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Contributor Post: "Aftershocks"

By: Morgan McLaverty

Aftershocks: "An aftereffect of a distressing or traumatic event"(Websters Dictionary)

I suppose we were always warned--our journey through grief never ends. We mold ourselves around our losses. We grow, and change, and adapt with this new pain that lives within us. No one ever said that a loss parents life would be easy. But, has anyone warned you of the aftershock?

Years pass and you finally feel as if you've learned what it means to mourn your child; living your life fully while still knowing your family will never truly be complete.

All of the sudden, a disturbance in your carefully orchestrated facade, forces a break in your politely contained grief. A milestone passes, which should have been marked by a celebration, is instead mourned. A slip of the tongue, correcting yourself with how many children you have when asked by a stranger. Realizing how time simply keeps marching forward, forever widening the gap of time since you last felt complete.

My "aftershock" came from a move to another state. A ripple I never expected, as I was delighted to move. I prayed for this move; day drempt about what it meant to move where we could finally afford a proper back yard for my (living) boys. Yet, this move also meant I would be leaving so much of my son, Lennon, behind. This had been the home I held him in. This had been the place I watched him grow. Our current home is the place I saw his sweet face for the last time. The plaque in the angel garden that holds his name will remain here in our stead. A forever reminder that our sweet boy was here; a physical representation of our love. Leaving the place that holds all the memories of a little boy that was so desperately wanted and loved, feels almost wrong. When I started to feel the tears well within me, I felt surprised at first. Wanting something so badly, only to feel the sting of grief surge through me upon realizing that I would, in fact, be leaving a piece of me behind. These feelings felt awkward, confusing and maddening all at once.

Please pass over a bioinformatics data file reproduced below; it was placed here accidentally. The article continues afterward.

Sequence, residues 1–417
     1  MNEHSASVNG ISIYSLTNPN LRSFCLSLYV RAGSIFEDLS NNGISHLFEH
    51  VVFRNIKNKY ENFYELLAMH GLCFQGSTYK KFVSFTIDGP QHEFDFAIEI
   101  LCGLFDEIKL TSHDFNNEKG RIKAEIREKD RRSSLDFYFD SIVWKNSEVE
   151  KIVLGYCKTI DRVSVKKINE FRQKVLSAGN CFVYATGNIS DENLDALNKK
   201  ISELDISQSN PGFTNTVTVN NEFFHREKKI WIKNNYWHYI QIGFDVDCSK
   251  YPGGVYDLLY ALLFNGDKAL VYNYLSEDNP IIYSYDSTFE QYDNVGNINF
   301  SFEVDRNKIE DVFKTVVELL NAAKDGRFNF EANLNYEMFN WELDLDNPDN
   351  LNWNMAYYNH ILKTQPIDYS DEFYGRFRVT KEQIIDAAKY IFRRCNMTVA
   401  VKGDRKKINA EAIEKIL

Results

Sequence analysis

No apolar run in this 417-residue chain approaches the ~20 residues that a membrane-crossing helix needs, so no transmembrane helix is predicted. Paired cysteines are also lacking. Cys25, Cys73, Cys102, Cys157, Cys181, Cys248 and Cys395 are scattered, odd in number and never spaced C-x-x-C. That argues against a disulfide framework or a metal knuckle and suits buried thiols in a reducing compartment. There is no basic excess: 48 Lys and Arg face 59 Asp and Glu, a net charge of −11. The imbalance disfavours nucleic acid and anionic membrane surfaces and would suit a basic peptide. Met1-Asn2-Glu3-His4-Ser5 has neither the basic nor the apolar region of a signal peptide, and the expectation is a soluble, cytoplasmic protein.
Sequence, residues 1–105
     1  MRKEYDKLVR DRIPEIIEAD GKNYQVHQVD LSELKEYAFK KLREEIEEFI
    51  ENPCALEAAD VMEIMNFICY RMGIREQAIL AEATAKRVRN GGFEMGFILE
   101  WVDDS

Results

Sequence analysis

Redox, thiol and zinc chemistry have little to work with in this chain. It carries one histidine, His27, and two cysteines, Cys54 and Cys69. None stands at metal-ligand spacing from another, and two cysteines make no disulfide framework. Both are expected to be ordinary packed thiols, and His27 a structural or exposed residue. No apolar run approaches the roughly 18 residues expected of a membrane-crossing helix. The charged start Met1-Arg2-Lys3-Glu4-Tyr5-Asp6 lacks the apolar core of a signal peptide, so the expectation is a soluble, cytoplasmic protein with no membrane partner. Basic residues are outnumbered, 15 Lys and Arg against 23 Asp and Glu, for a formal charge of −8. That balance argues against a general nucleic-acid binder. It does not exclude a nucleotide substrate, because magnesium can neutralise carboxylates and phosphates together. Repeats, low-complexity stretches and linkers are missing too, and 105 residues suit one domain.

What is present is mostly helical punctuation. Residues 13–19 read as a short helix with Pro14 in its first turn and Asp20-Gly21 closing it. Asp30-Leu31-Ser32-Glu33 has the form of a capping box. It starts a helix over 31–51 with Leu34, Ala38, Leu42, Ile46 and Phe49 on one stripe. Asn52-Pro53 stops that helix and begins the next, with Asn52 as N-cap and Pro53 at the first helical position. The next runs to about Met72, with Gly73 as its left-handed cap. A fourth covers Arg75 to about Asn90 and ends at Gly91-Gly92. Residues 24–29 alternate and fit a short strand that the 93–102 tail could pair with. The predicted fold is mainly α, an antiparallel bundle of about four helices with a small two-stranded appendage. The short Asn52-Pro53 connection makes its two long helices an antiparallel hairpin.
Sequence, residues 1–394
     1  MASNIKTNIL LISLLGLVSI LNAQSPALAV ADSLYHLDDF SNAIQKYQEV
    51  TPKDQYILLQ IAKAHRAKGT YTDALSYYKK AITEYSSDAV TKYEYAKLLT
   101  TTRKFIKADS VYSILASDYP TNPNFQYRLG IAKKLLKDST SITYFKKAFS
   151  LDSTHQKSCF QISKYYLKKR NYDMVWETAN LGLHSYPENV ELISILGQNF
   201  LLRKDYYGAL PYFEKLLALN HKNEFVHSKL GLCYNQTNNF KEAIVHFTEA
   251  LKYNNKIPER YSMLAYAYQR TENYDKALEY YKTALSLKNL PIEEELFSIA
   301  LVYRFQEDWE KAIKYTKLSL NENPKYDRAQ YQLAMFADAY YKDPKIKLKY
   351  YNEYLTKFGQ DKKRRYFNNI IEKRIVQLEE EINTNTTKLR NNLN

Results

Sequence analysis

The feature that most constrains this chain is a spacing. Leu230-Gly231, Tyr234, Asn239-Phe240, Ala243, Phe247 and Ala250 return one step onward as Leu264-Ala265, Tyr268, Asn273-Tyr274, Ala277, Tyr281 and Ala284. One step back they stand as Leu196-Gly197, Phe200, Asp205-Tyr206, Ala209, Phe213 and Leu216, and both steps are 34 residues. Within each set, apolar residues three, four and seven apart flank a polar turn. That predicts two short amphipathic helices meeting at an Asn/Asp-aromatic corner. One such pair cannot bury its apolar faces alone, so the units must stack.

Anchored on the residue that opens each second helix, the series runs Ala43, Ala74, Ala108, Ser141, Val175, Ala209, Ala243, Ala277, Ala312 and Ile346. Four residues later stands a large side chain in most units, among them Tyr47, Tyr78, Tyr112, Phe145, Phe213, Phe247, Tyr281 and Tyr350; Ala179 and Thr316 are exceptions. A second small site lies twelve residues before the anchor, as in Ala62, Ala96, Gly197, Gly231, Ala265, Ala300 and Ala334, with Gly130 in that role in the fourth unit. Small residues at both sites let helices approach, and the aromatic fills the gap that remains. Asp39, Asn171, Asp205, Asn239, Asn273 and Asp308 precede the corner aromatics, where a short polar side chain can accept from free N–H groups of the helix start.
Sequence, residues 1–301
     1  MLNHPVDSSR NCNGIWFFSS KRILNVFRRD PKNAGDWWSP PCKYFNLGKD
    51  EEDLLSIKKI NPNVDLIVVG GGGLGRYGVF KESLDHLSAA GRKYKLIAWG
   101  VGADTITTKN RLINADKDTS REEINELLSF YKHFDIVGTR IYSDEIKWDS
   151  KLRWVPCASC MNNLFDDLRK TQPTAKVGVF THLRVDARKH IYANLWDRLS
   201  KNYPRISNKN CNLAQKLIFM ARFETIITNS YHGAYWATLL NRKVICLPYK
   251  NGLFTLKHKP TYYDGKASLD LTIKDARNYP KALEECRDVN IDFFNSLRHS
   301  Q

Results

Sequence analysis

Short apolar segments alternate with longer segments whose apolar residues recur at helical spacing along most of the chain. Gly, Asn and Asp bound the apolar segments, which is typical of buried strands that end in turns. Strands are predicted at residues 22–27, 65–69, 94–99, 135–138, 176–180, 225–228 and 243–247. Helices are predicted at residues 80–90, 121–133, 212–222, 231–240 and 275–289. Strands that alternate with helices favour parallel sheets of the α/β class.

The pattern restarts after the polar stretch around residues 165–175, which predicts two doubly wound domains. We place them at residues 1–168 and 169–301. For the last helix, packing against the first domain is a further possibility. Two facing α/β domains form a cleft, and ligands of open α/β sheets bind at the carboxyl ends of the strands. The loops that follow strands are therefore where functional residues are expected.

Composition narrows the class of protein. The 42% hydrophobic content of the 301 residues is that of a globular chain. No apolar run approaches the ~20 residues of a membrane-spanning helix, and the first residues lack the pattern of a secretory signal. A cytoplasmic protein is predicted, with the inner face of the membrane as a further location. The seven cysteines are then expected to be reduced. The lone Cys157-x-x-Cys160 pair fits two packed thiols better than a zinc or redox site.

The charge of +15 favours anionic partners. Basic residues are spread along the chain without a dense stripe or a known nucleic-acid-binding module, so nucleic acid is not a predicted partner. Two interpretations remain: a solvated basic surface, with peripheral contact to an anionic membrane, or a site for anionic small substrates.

So, what's the take away? What's the advice? How will I surmise what it means to see the reach and scope of grief, despite having a life well lived? My only advice to anyone who has lived years beyond the impossible moment of saying goodbye to a child: BREATHE. Breathe and know that there is no emotion you feel while grieving your child that is wrong. Breathe and know that grief is strong, but you are stronger. Breathe and know that the love you carry for your baby is greater still, than any aftershock in your path. I always say, "I would rather feel too much than nothing at all", so I suppose I've got to learn to ride the waves.

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